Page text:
RICHARD LITTLEJOHN: How can Labour leadership argue that telling the truth about flouting of lockdown rules is a ‘Tory smear’? Keir Starmer’s Beergate hypocrisy is why people who live in glass bottles shouldn’t throw mud
People who live in glass houses, and all that. Keir Starmer and Angela Rayner would have done well to remember the old adage before they started slagging off the Tories for ‘partying’ during lockdown.
To absolutely no one’s surprise, the breathtaking hypocrisy of the Labour leadership is out in the open for all to see. While Starmer and Angie Baby have been demanding piously that Boris should not only resign but be prosecuted to the fullest extent of the law, they were equally guilty of breaking Covid rules.
At least the Prime Minister has a plausible excuse for his proximity to birthday cake and prosecco.
He actually lives and works in 10 Downing Street, where his high crimes and misdemeanours are alleged to have taken place.
No such defence can be mounted on behalf of Labour’s gruesome twosome over their participation in a beer and biryani bash at Durham Miners Hall.
Boris Johnson and staff pictured with wine in Downing Street garden in May 2020
It was gone 10pm when Starmer was seen swigging from a bottle of beer in the company of up to 30 other people, after a driver told the Mail he had delivered four bags of curry, rice and naan bread from the Rajah’s Revenge.
For months, Labour even denied that Rayner was there, until the truth came out last week. The local Labour MP Mary Foy was also present.
All this took place back in April 2021, when socialising with people outside your ‘bubble’ was strictly verboten.
Yet Starmer still insists: ‘We were working, we paused for something to eat, there was no party, no rules were broken, and that is the long and short of it.’
Couldn’t the same also be said of the Prime Minister and Chancellor Rishi Sunak, who was clobbered with a fine after arriving for a scheduled meeting at which cake was produced?
Labour deputy leader Angela Rayner and Labour leader Keir Starmer during a press conference in November last year
Boris didn’t even eat the cake, despite his reputation for being both in favour of having cake and eating it.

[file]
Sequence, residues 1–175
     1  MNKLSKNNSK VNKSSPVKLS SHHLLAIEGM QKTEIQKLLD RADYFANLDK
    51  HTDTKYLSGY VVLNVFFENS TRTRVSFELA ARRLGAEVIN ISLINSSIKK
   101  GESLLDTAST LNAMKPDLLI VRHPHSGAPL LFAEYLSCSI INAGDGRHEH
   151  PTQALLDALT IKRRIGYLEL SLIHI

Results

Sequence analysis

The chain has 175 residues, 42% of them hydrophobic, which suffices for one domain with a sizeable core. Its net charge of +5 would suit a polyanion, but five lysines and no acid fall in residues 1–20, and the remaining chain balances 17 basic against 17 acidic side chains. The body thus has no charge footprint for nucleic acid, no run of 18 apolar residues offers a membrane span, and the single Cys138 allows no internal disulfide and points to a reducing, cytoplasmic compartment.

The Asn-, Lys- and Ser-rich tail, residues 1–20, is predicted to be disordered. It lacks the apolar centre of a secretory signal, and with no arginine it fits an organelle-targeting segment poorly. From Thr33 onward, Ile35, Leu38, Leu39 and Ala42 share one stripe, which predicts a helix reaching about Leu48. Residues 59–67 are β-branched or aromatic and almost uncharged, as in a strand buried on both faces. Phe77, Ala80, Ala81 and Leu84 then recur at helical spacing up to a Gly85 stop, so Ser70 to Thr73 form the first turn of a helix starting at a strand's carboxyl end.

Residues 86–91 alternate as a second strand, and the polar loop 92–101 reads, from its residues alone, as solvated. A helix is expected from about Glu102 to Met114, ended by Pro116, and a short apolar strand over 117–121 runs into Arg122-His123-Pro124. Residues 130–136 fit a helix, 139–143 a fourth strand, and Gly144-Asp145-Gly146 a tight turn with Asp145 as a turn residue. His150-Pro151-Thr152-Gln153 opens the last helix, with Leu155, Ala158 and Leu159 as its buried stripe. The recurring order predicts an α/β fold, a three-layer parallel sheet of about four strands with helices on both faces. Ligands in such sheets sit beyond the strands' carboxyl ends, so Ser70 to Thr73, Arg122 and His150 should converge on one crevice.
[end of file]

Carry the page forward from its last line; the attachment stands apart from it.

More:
That cut no ice with Scotland Yard’s crack prosecco squad, which handed out fixed penalty notices all round with great fanfare and is threatening more to come.
Starmer and Labour, amplified by the BBC, Sky News, the Daily Mirror and the Guardian, screamed blue murder. The Prime Minister was a criminal, they protested, and unfit to hold high office. He must go forthwith, preferably to the Tower.
Embittered Remainers were convulsed with self-righteous fury. Yet when Starmer was caught bang to rights committing a similar offence, Durham Plod — answerable to a Labour police and crime commissioner — shamefully declined to investigate.
Talk about double standards.
You’d have thought that someone who never misses an opportunity to boast about his time as Director of Public Prosecutions would have taken more care over the evidence.
He continued to pretend that Rayner wasn’t anywhere near Durham Miners Hall that night, right up until the point the Mail presented him with video proof.
Then, when confronted with the conclusive film, he tried to say it was an oversight, a genuine mistake. As if you could forget in-yer-face Ange was there. She’s hardly a shrinking violet.
Starmer also maintains that after downing a Ruby Murray and a bottle of Spanish lager, he went straight back to work. At half past ten, or thereabouts, on a Friday night?
Any half-decent lawyer would immediately ask himself: does this alibi hold water? Does it have the ring of truth? On the balance of probabilities, would a jury swallow it?
Curiously, the driver who delivered the food and spoke to the Mail subsequently had an attack of amnesia after speaking to his manager, pictured in yesterday’s paper posing for photos alongside local MP Foy.
Would a former DPP accept this sudden loss of memory if the driver was a witness under oath?